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Black and White Deserts

I wake up to feel like I have been wallowed in a sea of mattresses. I literally have to climb out of my bed because during the course of the night I have made a huge indentation into the two mattresses. I have slept through my morning trip to see more tombs which was of no bother for me. I have really seen enough at this stage.

I get up and grab some lunch with the other travellers that are in camp. I then meet up with my Japanese friend who had gone to see the tombs in town. She says that it was nothing special so that makes me feel a bit better about missing the trip. We then get organised for our overnight trip to the desert. We are leaving at 2pm but we have to wait for four other tourists that are joining us.

The trip to the White Desert via the Black Desert passes by quickly. Once again the common bond of the independent travellers stories keeps us all riveted to each other’s conversations. Our new friends (three of whom were Peace Corps volunteers and another fellow Aussie independent female traveller), are great fun. They have only been in Egypt for four days but were decidedly suspicious of their journey so far. The female who had complete a trek of Macho Pichu and a three month bike trip across America was just down right negative of her time spent so far and thought that Egypt was just one hassle too many. This made me laugh because she has three weeks to go.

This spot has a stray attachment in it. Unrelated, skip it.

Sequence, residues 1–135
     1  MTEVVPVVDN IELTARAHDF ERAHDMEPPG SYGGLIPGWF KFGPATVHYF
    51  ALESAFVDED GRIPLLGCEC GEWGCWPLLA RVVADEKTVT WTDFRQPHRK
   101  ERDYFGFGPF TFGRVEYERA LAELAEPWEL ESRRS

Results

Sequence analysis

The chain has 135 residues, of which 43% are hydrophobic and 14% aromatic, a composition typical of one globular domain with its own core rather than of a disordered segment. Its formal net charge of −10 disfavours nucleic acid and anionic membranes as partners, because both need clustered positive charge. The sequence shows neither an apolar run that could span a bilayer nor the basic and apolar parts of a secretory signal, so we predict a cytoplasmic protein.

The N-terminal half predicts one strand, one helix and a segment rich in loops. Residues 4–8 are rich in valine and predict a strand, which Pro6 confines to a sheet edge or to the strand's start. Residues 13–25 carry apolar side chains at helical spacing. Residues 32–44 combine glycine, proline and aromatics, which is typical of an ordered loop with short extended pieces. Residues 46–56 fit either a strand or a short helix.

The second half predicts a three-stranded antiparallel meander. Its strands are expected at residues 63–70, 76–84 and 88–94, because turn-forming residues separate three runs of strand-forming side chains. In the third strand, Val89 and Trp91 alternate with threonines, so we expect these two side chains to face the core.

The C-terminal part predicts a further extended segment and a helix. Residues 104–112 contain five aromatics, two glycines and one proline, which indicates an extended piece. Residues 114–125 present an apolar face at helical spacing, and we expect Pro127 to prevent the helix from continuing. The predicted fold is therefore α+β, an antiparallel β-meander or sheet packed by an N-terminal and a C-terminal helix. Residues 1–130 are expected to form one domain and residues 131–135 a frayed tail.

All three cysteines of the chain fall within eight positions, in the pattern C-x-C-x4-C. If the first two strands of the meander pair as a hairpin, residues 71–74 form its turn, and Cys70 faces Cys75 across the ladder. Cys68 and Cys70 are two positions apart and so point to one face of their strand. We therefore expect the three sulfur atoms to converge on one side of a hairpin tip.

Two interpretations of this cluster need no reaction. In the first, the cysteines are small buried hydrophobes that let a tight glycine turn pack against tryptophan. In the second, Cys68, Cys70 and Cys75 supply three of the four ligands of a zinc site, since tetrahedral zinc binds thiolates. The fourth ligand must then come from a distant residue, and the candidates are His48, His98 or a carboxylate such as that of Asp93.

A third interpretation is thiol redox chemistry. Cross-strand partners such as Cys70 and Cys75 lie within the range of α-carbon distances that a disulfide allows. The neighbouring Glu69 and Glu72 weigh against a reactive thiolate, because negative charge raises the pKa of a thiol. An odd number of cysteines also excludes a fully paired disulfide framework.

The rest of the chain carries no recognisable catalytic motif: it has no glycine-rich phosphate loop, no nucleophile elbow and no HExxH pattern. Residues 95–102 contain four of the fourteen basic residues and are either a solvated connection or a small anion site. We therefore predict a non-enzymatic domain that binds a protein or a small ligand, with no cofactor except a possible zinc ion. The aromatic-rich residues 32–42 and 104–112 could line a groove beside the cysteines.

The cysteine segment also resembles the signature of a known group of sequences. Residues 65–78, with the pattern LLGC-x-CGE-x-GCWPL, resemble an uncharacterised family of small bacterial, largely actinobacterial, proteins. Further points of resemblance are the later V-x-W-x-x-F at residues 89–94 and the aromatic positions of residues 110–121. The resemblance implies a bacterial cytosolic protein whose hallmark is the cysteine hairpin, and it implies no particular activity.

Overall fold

The Black Desert and Crystal Mountain turns out to be a bit of a dud. But this is all turned around with the sight of the White Desert. What an amazing place. We arrive as the sun passes out its last rays across the lunar like landscape and it's one of the most brilliant sunsets ever. The pictures are just spectacular.

We all climb different talc formations to witness this once in a lifetime scene. Then the full moon casts its brilliant rays across the desert floor and it is so light that you do not need a torch to find your way around.

Our Bedouin guide/driver/cook sets up camp and we all take refuge behind the 4WD and wind barrier whilst he cooks up dinner. We then take a moon walk amongst these amazing talc formations before retiring to certain areas to go to the toilet a la natural. This is a bit spooky but I take it all in my stride. We then retire to bed, which is unfortunately on the sand with a very thin mattress.

Feeling the cold like I do I have my sleeping bag and three blankets and during the evening I wake on numerous occasions. But I must admit that waking up to see a sky full of diamonds (stars) is something very surreal and I don’t mind in the least. It's just the cold that's really killing me.


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